Blind advocates say speedy, silent and inconsiderately-parked e-scooters are turning Auckland footpaths into dangerous obstacle courses.
Paul Brown, a blind pedestrian from Auckland, said he recently experienced two "near misses" in the same week.
"The first time, a woman stopped and said there was a scooter in my way, and she'd move it out of the way for me.
“The second time, my cane found an object on the footpath which I realised on closer inspection was a scooter."
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President of national advocacy organisation Blind Citizens NZ Dr Jonathan Godfrey says e-scooter users need to be mindful of who they're sharing the footpath with.
"We're hearing already that scooter users are not taking care to leave the scooters in sensible places. We'd ask that people think about other footpath-users, and help make our lives as easy as your lives."
He said the organisation is not calling for the e-scooters to be banned, but both regulation and consideration of others both have a role in protecting safe pedestrian travel.
"Many cities have bylaws for the placement of sandwich boards and other signage to make sure we can travel with comfort and dignity. Please if you're using a scooter, park it somewhere safe."
A New Zealand Transport Agency spokesperson said safety was paramount.
"The Transport Agency urges e-scooter users to ride safely at all times, and to take particular care when sharing the footpath with pedestrians, who may not hear or see them approaching.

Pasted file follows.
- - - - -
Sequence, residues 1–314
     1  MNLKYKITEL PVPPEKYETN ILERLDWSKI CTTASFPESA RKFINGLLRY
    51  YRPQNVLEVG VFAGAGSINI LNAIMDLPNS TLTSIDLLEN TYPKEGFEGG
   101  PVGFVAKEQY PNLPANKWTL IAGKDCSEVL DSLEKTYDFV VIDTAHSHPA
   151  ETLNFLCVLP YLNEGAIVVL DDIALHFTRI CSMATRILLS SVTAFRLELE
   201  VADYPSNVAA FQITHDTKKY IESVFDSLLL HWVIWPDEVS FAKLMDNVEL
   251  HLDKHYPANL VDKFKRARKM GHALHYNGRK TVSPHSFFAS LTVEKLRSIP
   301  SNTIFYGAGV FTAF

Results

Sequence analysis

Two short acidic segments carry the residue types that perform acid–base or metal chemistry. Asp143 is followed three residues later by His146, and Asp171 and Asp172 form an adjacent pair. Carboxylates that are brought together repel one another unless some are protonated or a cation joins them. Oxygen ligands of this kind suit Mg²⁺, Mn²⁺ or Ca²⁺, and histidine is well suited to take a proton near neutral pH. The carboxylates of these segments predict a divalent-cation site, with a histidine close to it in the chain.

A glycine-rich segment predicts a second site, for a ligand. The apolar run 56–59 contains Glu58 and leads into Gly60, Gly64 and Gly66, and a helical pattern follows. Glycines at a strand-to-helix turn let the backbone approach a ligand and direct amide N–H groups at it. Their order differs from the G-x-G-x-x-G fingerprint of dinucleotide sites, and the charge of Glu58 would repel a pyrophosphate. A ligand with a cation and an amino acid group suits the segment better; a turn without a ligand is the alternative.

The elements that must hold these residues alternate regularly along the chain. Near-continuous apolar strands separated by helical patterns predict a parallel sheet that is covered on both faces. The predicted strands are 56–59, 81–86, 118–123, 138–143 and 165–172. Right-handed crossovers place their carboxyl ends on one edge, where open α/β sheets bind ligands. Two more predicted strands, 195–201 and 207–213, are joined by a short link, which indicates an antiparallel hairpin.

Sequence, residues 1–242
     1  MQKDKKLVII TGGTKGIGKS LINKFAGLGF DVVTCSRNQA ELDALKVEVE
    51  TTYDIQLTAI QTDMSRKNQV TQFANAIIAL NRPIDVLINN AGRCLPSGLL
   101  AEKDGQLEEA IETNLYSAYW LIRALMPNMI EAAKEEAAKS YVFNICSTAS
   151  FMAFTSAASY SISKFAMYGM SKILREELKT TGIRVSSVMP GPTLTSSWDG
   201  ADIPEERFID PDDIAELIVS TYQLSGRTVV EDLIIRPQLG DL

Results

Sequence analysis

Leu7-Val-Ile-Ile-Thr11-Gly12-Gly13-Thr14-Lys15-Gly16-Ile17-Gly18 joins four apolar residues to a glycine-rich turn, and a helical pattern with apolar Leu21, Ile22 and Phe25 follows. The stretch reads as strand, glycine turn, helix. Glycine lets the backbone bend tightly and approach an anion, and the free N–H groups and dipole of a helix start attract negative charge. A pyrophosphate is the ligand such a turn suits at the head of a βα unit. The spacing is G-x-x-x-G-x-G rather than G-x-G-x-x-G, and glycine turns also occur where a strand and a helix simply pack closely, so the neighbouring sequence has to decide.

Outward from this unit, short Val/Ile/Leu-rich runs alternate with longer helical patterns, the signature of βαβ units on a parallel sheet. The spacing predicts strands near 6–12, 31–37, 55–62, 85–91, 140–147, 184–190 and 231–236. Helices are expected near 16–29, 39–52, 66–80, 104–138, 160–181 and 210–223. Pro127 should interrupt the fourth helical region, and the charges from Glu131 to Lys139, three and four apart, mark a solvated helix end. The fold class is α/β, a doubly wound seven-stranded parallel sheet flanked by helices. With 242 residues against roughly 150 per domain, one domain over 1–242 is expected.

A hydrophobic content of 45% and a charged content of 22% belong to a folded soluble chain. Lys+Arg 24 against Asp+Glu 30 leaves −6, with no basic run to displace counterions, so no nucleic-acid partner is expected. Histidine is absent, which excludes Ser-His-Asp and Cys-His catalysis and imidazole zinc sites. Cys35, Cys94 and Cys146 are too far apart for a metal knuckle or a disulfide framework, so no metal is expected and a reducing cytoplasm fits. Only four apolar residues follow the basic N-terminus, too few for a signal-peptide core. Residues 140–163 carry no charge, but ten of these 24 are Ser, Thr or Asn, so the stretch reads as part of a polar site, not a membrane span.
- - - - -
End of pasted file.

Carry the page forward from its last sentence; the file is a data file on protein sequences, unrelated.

"Good and safe behaviour remains the priority when people ride e-scooters and anyone riding dangerously on any part of the footpath, cycle lanes or road may be subject to Police enforcement."
Dr Godfrey said Blind Citizens NZ were also concerned about the speed of the vehicles on footpaths.
"These new scooters ... travel much faster than a jogger, and they are so quiet that we have no means to know they are coming. We must ask that everyone takes the time to think about these dangers.
"We think everyone should ask why scooters that can travel over 25km/h shouldn’t be out where cyclists belong," he added.
Californian ride-sharing company Lime has been operating under a three-month trial licence for the e-scooters in Auckland and christchurch, and plans to launch the service in Wellington and possibly Hamilton.
The safety risks of e-scooters extend well beyond blind pedestrians, while there numbers are set to increase, on Auckland streets this Friday thanks to bike-sharing company Onzo.
NZME reports ACC received 141 e-scooter-related claims in the first month of their use, mainly in Auckland and Christchurch.
Auckland Mayor Phil Goff has spoken out on the Council's position on e-scooters, saying they should be subject to a speed limit of around 10km/h on footpaths and that police should use their enforcement powers when they encounter "reckless and dangerous behaviour."
Newshub contacted Lime for comment but it did not respond by deadline.